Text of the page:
Do we need the FCA?

Students of the Financial Conduct Authority will appreciate the FCA’s Business Plan 2015/16 which mostly sets out what it does, but also touches on what it achieves and its value for UK citizens.  It is as close to accountability as the FCA gets.

What does the FCA do?

The core business is the supervision “of about 73,000 financial services firms operating in the UK, and we prudentially supervise those that are not covered by the Prudential Regulation Authority (PRA). We look closely at firms’ business models and culture and use our judgement to assess whether they are sound and robust.” (p.63)   Understanding each of 73,000 firms better than the manager of that firm is a Herculean task even with 3,060 staff and a budget of £460M. But that is only part of the FCA’s business.

Annex 2 lists 106 new EU regulatory initiatives in which the FCA is involving itself.  It would be good to believe they were seeking to reduce the number, and simplify and reduce the burden, of the on the British financial sector and its consumers.  There is no hint that such is the case.  The FCA seeks “active engagement” which can be translated as assisting more rather than less.

In addition, the FCA has a programme of domestic regulation. Yet the FCA should not now be creating new financial regulations at all.  Under the Brown administration’s agreement with the EU, Brussels is responsible for all new financial regulation leaving the UK solely with supervision.  For the FCA to add new rules is not merely piling Pelion upon Ossa, it is undermining the City’s competitiveness and unnecessary.  In a single market, a regulation is either needed everywhere or nowhere.  

In June 2014, the Chancellor created a Fair and Effective Markets Review (FEMR) of financial services, co-chaired by the Bank of England, FCA and HM Treasury. The report is due next month but has been widely trailed. Before we see that review (due July), and in an effort to keep itself busy, the FCA has announced a further review (due spring 2016) covering some of the same ground, the Investment and Corporate Banking Market Study (ICBMS): “We are examining issues around choice of banks and advisers for clients, transparency of the services provided by banks, and bundling and cross-subsidisation of services.” 

In addition Annex 1 lists 30 “current and planned market studies and thematic work” not all of which will lead to new regulation.  Perhaps the most significant is the “Culture review”.  There is no mention of whose culture, nor how and why it should be reviewed.  Reassuringly the start and finish dates have yet to be decided.

So far as one can see from the business plan, the FCA has no central guiding principle to determine what it should do.  The Financial Ombudsman Service deals with consumer complaints and the Competition and Markets Authority deals with policing fair markets and competition.  By contrast, the FCA seems to involve itself without restraint in anything it feels like doing.  It is no surprise that its costs are growing at 6% p.a.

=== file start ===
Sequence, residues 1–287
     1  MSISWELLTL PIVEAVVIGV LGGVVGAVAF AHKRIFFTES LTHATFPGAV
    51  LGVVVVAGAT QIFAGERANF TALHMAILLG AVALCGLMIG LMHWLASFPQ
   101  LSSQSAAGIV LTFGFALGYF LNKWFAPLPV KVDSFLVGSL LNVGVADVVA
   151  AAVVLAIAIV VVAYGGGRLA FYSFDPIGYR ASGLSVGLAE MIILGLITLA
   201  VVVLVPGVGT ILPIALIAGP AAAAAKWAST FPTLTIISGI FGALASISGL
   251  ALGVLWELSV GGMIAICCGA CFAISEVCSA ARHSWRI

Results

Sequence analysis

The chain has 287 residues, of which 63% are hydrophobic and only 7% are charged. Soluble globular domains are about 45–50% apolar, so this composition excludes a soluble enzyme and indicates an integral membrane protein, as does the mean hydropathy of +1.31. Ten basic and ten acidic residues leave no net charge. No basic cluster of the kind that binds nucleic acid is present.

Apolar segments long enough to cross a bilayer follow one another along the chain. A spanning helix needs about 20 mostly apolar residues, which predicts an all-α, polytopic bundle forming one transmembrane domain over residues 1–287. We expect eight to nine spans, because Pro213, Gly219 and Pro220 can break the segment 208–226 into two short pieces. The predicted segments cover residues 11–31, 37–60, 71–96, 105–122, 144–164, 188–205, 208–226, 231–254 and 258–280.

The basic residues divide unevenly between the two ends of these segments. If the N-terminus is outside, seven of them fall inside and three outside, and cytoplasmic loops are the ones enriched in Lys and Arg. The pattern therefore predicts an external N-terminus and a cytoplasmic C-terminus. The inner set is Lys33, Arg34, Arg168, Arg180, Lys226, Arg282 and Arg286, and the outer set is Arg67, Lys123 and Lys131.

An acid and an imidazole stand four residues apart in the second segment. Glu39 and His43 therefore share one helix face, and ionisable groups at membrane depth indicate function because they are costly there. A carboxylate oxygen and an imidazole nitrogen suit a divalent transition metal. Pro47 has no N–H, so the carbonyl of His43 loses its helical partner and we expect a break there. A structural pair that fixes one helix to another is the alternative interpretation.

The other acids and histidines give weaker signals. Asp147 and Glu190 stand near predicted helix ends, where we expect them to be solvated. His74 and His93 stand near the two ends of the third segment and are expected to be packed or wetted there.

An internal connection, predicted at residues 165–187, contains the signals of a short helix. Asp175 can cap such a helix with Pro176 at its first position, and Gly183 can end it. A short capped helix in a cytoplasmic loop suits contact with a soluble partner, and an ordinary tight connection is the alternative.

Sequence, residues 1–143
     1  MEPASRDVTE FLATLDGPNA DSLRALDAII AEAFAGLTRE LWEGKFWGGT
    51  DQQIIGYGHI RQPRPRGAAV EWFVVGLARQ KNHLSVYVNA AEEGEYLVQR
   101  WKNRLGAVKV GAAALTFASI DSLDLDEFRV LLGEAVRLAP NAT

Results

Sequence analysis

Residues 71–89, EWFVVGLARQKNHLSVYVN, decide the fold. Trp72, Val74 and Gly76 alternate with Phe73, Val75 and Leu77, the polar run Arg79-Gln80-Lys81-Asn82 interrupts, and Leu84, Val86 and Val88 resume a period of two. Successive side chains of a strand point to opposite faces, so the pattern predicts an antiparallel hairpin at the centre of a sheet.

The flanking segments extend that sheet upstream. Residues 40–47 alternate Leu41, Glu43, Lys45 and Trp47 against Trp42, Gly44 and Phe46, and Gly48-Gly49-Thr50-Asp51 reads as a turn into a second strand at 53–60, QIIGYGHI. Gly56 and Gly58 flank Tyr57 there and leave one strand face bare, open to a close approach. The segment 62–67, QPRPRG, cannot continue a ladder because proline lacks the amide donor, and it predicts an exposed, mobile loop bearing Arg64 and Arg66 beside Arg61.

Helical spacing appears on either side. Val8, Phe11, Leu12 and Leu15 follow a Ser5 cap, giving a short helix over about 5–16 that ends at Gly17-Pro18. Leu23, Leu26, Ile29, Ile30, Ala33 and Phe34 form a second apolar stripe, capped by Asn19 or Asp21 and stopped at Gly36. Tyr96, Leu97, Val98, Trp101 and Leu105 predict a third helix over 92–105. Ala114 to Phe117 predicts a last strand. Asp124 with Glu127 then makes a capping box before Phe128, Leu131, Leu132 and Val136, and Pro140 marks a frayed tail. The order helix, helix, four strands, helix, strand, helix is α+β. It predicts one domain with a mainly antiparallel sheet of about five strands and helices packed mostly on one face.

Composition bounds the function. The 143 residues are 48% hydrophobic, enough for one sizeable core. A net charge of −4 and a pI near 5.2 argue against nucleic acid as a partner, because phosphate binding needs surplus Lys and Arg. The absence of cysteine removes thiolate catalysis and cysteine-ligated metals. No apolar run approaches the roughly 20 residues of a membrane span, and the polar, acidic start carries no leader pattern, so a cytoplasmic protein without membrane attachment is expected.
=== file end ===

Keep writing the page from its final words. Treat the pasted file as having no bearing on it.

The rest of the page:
Measuring performance against the statutory objectives

The Chairman, in his foreword to the plan, highlights the FCA’s “principal tool [for measuring success], our outcomes-based performance framework” (p.7). As searching that description did not reveal such a framework, he presumably is referring to the table below. 

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It is unusual, to say the least, to have a set of performance measures without a single number.  And there is no discussion about whether these objectives, for that is all they are, can be attributed to the FCA or not. Most of them are what the firms do but it is impossible to know whether the firms’ performance improved, or quite possibly deteriorated, as a result of the FCA intervention. It may be hard for the firm to keep the consumer at the centre of its attention if the FCA is knocking on the door.

The paperwork I now have to complete for my stockbroker has multiplied two or three times as a result of “compliance” which I also have to spend £20 a time for.  In all other respects, the service is exemplary, but this has tipped my stockbroker experience from satisfaction to complaint.

The “respected regulatory system” will let only the good firms know where they stand, leaving the miscreants, presumably, in the dark. Is low financial crime an indication of the FCA doing well or failing to detect crimes or, just possibly, the police deterring crime and catching criminals?

The Business Plan refers the reader to their quarterly data bulletin for the actual figures but, guess what?, these have little to do with the table above.  They are:

  • Monthly number of people contacting FCA about consumer credit.

  • Outcomes of upheld complaints.